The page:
Lou Plummer, an Army veteran whose son Drew was home on leave from the Navy the day the Iraq War started, says his son paid a big price for speaking his mind. Lou brought Drew to a peace vigil that day in Fayetteville. When an AP reporter interviewed Lou and then turned to Drew and asked what he thought, the young man told him he thought the war was about oil. "He didn't speak to any other reporters. He is not an activist. He just answered the question from his heart," Lou recalls. Days after Drew's comments ran in the press, when he reported for duty at the USS Dwight D. Eisenhower, he was charged with violating Article 134 of the Uniform Code of Military Justice. The charge was disloyalty. When Drew was hauled before his superiors, his father explains, he "was asked if he sympathized with the enemy and said 'No.' He was asked if he planned to sabotage the ship and said 'No.' He was asked if he was sorry for what he said to that reporter and he said 'No.' So he was convicted of disloyalty and demoted."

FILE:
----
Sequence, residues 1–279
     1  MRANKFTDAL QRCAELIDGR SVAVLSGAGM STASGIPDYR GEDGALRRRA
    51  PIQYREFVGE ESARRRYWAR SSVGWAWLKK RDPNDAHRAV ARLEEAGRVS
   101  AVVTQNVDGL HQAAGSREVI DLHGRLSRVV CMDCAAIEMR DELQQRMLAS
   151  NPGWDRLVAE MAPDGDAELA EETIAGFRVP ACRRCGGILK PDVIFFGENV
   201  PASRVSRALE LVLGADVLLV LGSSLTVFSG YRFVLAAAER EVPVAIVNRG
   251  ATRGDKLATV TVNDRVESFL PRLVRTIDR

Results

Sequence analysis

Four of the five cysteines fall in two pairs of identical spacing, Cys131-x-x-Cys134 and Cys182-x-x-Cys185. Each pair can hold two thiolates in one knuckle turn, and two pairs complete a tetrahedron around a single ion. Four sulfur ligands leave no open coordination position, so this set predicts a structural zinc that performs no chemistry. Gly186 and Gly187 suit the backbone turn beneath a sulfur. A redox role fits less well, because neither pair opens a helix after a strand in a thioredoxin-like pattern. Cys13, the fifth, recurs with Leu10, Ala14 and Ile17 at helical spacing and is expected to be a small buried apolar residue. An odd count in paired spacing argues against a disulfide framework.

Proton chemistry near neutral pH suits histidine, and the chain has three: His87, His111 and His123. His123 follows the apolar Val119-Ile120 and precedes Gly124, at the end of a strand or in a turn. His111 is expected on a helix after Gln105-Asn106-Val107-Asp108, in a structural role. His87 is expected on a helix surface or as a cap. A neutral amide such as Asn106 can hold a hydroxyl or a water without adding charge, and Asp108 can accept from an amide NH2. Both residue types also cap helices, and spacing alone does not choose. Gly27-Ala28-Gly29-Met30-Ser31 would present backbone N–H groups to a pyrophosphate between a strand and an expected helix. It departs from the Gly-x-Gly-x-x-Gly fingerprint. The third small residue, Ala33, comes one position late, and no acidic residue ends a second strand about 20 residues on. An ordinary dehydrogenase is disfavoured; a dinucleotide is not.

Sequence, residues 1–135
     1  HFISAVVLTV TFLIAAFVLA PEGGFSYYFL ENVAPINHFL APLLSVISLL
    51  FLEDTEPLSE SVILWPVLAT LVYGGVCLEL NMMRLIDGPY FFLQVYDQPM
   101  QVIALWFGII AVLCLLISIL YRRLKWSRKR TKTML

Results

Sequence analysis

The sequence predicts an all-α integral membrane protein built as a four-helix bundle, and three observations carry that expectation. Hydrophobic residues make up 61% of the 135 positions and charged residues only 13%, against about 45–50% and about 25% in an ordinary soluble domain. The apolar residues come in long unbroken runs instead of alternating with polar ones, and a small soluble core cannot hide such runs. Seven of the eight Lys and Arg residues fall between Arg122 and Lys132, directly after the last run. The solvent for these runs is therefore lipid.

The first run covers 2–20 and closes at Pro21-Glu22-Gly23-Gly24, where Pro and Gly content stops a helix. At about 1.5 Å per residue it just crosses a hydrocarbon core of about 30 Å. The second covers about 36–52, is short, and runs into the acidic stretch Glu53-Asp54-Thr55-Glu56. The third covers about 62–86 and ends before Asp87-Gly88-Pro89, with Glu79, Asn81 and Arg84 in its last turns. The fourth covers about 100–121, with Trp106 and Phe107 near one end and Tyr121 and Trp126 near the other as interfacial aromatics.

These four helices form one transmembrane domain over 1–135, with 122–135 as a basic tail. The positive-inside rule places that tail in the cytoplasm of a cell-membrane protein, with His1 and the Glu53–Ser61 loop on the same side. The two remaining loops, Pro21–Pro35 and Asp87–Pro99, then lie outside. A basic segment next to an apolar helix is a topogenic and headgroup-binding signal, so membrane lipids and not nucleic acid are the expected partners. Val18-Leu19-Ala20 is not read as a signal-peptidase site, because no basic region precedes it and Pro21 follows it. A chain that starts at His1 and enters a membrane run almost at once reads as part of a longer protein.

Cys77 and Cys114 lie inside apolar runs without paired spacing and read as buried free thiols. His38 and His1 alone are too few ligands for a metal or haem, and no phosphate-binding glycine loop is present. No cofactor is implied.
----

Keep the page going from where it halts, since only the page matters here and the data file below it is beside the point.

Hoffman insists this isn't uncommon. "Lots of guys who speak out then get railroaded into an Article 15 hearing because they're offered a choice between that and a court-martial," says Hoffman. Under an Article 15 hearing, soldiers forgo legal representation and a trial, instead agreeing to let their commander make the call through a less formal administrative hearing. "And basically, you're guilty until proven innocent," says Hoffman.